Influential West Hollywood Shop LASC to Close
After a nearly four-decade run, LASC announced it will be closing its 4,000-square-foot bricks-and-mortar operation on the 8500 block of Santa Monica Boulevard in West Hollywood, Calif.
For years, the store was an influential player in the men’s denim and swimwear game as well as a community hub for the area. The store was famous for its annual L.A. Pride and Halloween parties, attracting hundreds of people to the building’s rooftop.
Co-founder Don Zuidema said the business he ran with Mike McGinley and Alfredo Izaguirre was doing well financially, but their lease is scheduled to run out in August. A new lease would have seen a rent increase that Zuidema wouldn’t detail and the cost of business is too expensive.
“We feel like we are going out at a good time. Business has been decent. We are going out on our terms,” Zuidema said. “It comes down to the cost of doing business—rents, overhead and employee costs made the business model tougher for bricks-and-mortar.”
LASC, which stands for Los Angeles Sporting Club, also manufactures and wholesales an activewear and swimwear line also called LASC. It is sold on the store’s e-commerce channel, www.shoplasc.com, and at more than 40 retailers. Zuidema said that no decision has been made on the future of the LASC clothing line but shoplasc.com will remain active.
A liquidation sale for the bricks-and-mortar shop started on July 11, and the store is expected to close at the end of August.
Zuidema did not know who would be moving into the LASC space, which is housed in a compound where an extensive construction project will be wrapped up at the end of July. A Sprouts Farmers Market will open on July 31 in the building adjacent to LASC.
News of the store’s closing was a shock to LASC vendors such as Parke & Ronen. “LASC was the store for our demographic to be in,” said Ronen Jehezkel, co-founder of the New York–headquartered men’s collection. “Emotionally, this is sad. I was hoping that someone would buy them out and the legend would continue.”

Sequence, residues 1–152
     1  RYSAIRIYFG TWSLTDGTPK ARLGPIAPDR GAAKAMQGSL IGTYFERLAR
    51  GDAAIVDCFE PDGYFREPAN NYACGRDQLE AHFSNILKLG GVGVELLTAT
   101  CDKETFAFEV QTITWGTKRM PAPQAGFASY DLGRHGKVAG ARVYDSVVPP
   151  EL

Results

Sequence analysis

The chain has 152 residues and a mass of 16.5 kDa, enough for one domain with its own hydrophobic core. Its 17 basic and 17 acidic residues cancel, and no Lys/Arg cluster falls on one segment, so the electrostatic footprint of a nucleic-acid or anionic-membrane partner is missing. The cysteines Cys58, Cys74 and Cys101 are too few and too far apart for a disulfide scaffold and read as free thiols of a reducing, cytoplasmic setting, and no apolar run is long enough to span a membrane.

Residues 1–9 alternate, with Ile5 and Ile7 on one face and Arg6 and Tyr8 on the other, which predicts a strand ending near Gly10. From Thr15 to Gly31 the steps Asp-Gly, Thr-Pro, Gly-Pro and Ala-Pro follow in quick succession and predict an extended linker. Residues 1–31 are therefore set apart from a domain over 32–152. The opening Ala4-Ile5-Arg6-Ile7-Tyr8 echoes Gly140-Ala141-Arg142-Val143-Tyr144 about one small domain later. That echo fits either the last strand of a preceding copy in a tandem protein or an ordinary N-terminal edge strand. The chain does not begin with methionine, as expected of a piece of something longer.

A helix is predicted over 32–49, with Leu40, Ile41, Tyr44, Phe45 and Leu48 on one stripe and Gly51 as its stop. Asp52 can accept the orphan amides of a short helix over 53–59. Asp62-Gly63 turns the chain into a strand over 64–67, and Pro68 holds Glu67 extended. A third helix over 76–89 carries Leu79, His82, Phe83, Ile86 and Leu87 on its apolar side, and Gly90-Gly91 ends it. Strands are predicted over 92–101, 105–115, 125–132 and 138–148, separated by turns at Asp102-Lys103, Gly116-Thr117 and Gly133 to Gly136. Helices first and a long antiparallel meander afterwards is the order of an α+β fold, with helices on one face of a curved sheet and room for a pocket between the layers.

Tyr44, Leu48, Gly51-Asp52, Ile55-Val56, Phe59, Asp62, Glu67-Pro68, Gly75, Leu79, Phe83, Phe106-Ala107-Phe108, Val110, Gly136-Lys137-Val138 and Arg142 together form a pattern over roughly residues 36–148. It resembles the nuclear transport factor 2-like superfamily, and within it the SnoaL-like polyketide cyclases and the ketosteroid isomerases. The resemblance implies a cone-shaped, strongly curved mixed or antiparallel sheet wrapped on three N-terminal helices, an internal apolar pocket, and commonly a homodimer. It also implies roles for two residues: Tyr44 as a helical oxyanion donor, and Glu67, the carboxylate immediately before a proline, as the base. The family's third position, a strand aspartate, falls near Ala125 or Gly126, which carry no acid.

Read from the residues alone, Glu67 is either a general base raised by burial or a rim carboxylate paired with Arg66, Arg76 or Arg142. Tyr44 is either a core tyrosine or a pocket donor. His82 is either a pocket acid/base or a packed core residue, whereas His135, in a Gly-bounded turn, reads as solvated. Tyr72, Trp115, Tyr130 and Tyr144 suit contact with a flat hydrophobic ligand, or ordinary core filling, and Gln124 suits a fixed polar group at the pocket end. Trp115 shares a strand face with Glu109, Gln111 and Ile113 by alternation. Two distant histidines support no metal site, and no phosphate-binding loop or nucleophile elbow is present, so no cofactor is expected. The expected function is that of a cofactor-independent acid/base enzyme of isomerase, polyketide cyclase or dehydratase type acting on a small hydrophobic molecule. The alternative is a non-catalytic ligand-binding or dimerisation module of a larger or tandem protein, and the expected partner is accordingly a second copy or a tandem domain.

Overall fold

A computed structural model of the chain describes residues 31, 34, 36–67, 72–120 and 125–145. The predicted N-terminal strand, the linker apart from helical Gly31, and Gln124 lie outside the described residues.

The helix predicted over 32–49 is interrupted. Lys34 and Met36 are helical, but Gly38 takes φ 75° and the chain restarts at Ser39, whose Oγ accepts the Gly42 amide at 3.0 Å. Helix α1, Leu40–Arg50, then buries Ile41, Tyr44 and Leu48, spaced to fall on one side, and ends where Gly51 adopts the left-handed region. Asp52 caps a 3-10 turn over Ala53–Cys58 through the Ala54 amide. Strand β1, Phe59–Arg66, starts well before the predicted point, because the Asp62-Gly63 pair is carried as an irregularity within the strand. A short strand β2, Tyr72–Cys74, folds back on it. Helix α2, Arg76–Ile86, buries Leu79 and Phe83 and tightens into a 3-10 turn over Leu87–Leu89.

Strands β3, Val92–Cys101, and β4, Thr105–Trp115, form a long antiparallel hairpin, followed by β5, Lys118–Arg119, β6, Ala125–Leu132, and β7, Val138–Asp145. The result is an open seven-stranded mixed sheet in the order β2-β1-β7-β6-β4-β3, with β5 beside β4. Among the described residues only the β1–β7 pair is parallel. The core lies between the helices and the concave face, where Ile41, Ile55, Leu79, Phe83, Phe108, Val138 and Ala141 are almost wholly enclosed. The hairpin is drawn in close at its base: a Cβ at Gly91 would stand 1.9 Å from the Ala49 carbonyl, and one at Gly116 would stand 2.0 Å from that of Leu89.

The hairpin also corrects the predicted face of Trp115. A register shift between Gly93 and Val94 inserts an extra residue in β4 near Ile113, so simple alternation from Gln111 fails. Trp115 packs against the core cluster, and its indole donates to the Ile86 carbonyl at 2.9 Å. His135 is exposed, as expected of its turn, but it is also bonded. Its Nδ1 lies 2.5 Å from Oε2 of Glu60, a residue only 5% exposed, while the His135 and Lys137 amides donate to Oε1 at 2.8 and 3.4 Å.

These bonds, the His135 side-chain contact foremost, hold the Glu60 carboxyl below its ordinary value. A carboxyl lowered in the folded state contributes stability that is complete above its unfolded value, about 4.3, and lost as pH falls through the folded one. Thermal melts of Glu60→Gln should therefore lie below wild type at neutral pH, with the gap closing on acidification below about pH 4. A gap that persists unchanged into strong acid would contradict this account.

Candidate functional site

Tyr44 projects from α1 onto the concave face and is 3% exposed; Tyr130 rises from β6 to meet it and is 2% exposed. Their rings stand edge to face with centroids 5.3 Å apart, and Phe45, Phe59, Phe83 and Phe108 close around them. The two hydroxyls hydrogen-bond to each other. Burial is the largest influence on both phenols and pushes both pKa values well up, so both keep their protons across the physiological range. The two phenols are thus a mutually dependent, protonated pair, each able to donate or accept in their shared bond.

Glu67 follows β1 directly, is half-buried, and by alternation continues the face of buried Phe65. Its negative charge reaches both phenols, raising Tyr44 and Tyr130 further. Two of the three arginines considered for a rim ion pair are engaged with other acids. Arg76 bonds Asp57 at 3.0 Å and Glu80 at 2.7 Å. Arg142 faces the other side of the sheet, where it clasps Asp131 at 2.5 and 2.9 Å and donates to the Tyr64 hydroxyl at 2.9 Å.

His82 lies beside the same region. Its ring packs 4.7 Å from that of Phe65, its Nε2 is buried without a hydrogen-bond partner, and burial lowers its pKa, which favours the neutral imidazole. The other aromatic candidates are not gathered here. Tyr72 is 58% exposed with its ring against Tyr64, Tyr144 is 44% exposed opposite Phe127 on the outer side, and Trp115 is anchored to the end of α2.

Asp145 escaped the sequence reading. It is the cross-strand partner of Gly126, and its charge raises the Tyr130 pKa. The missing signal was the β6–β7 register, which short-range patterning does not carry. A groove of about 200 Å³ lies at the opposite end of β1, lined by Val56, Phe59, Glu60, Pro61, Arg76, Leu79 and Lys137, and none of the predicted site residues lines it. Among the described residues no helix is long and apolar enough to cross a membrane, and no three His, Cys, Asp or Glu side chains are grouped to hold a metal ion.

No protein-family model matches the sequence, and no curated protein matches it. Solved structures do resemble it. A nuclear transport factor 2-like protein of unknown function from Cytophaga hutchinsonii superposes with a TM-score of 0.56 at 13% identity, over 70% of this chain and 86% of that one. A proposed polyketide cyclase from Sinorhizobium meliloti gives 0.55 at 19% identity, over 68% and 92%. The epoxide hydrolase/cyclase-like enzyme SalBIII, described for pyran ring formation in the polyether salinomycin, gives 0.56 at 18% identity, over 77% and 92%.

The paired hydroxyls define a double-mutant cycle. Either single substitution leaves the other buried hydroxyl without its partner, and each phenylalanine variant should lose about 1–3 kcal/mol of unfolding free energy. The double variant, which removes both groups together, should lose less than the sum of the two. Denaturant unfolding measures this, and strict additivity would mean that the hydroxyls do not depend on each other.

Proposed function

Jehezkel forecast that the business lost from LASC’s closing would be balanced by customers shopping for fashions at the Parke & Ronen e-commerce site, parkeandronen.com.
Parke & Ronen had a Los Angeles store from 2007 to 2014, but Jehezkel said that the boutique business is tough in the Los Angeles area. “L.A. has a serious issue with retail. There is no foot traffic, and where there is no foot traffic it is hard to survive unless you are using the store as a marketing tool.”
LASC started as a shop devoted to gym wear and swimwear. When Izaguirre joined in 1998, the shop branched out into premium denim, casual clothes and some high-end looks. Along with Parke & Ronen, LASC devoted a lot of store space to brands like Diesel, G-Star and Scotch & Soda.
The store opened a year before West Hollywood incorporated into a city and became a refuge as well as a capital for the LGBTQ crowd. LASC grew up with the city, said John Heilman, a West Hollywood city councilmember who served on the town’s inaugural city council.
“It has been much more than a clothing store,” Heilman said.” It has been a center and gathering place for members of the LGBTQ community. The owners of the store have been leaders in our business community and proud supporters of so many organizations and causes in West Hollywood. We will miss the store, but I know the owners will continue to be involved in our community.”